Author Topic: Hart Pulse - Better late than never  (Read 2893 times)


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Re: Hart Pulse - Better late than never
« Reply #15 on: January 04, 2013, 02:33:35 pm »
I did my first day on the Hart Pulse 170 today. Conditions were typical of east coast groomer skiing, some decent, some scratchy, some pushed around granular piles. We still do not have any of the more demanding trails open, so skiing was limited to Blue type trails.

After putting in another 4 days on the Pulse on everything from icy groomers to soft chop and small moguls I can provide some additional comparison info against my other skis.  I have found that the Pulse is still probably one of the more "ballsy" skis I've ever owned.  It's unflappable almost to a fault - it makes me push things to a higher level that I wouldn't try with some of my other skis.  A 170cm ski without any metal shouldn't be as smooth and silky feeling on the snow as the Pulse is. 
I totally agree with HA assessment of the Pulse. It's a pleasure to ski, very stable and smooth, very comfortable on the body - a great ski to be on all day. I spent some time trying to ski with some buds training for GS. While I can't keep up, the Pulse likes speed. Clearly, it's not a Supershape type SL turn radius, but, I easily got it to tighten the turn radius with tipping movements.

However, in comparison to the Head Chip 78, Stockli Rotor 76, or Scott Neo, I find the Pulse to be a much more demanding ski.  Skis that strongly reward good movements and correct input also can be the same skis that punish poor movements and mistakes.  I've found that I need to be much more on top of the Pulse and maintain that higher degree of focus at all times.  I'm thinking that it's really not an intermediate-friendly ski.  I find this trait really peculiar due to my observations when hand flexing the ski and looking at its construction I would have been hard pressed to say that it skis the way it actually does.  This of course supports the "demo, demo, demo" mantra.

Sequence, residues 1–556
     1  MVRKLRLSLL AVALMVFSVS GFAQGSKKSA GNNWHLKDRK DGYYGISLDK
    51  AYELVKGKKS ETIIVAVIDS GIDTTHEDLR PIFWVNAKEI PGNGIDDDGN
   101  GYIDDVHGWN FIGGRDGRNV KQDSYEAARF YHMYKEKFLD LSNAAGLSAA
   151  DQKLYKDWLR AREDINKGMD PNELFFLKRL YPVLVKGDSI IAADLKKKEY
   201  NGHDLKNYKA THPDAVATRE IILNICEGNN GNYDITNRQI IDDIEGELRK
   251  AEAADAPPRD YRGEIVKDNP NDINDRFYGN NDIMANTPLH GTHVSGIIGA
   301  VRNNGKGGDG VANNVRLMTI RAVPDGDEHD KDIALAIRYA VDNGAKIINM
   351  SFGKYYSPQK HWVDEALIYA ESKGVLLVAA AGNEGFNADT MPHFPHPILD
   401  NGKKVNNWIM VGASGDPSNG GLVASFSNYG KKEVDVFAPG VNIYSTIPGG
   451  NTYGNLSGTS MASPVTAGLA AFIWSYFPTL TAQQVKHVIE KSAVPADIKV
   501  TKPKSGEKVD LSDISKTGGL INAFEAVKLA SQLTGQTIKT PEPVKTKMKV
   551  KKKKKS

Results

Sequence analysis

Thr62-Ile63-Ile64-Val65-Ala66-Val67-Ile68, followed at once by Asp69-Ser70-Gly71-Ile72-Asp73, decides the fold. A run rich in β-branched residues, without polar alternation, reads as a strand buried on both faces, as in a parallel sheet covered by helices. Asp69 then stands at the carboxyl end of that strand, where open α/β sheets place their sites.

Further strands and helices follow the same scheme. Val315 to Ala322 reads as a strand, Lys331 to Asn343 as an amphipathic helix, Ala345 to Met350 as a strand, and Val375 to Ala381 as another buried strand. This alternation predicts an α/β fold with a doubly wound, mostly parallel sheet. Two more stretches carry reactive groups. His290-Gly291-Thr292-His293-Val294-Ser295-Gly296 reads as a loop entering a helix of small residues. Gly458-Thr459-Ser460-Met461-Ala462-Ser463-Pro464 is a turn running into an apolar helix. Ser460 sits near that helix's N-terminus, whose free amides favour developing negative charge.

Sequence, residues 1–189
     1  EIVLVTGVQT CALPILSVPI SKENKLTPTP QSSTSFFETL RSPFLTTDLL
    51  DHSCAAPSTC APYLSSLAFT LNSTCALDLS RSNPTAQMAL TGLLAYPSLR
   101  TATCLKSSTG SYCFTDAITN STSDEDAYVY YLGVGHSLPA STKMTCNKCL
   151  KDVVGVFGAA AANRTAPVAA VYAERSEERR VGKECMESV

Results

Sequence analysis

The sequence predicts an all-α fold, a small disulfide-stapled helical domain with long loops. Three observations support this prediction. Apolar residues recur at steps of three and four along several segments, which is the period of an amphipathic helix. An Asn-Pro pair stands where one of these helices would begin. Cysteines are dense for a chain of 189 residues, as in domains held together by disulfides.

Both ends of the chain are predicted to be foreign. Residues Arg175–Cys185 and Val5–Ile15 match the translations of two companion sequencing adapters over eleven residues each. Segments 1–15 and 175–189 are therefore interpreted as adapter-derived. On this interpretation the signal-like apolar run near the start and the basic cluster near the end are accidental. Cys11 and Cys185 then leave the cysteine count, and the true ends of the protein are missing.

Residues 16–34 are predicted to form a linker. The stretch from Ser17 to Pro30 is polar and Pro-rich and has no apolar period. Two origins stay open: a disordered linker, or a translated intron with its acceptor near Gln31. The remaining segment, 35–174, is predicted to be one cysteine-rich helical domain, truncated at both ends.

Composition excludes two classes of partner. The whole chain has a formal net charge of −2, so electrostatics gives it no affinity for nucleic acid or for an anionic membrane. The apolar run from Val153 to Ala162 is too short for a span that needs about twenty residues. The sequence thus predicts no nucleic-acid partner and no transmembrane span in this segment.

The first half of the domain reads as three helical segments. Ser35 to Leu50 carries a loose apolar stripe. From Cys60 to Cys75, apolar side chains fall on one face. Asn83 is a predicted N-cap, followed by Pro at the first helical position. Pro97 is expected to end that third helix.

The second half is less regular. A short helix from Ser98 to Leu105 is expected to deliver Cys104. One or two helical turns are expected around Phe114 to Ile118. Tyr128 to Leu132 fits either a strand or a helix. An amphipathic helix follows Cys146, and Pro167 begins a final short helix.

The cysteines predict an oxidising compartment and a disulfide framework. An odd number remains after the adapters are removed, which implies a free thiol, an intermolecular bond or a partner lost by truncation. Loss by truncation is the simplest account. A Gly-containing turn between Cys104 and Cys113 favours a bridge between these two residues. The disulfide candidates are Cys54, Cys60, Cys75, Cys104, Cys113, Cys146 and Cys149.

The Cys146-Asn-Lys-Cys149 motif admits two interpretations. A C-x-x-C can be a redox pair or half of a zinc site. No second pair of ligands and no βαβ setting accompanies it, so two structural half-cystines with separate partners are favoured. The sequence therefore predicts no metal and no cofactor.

I can't concur that the Pulse needs high levels of staying on top of. High Angles pushes the ski much more to the limits than I, gets bigger edges and he as mucho more experience with other skis. I can only compare it to the Supershape I skied 2 days ago and they are somewhat similar to me with respect to staying focused. For sure, I never felt like I had to fight the Pulse, as I often feel when skiing wider skis than this 77.

I'm interested in seeing what LivingProof's thoughts are on his pair.

I'm skiing the Pulse shorter than perhaps typical recommendation of 178 for a larger skier. I liked it in Tahoe, liked it in Pa. Philpug did a Starthaus tune on it prior to sending it east, and, it was just a very neutral ski with no bad habits. Phil often states we ski the tune when demoing skis, so the tune may have played a part in my review, but, HA also does his own tuning so I know his skis were prepped. I'm pleased that I bought a "short" ski as I gain a shorter radius without high speed tradeoff.

I do agree with HA that the ski responds to good movements. I spent a lot of time working on fore/aft, counter balance and counteracting (Harbites know about what I speak) and the ski did better as I did better. Only 2 days in this season, so I've got a long way to go with technique.

Y'all who attend the Holiday Valley event in Feb. will get to see firsthand how it works.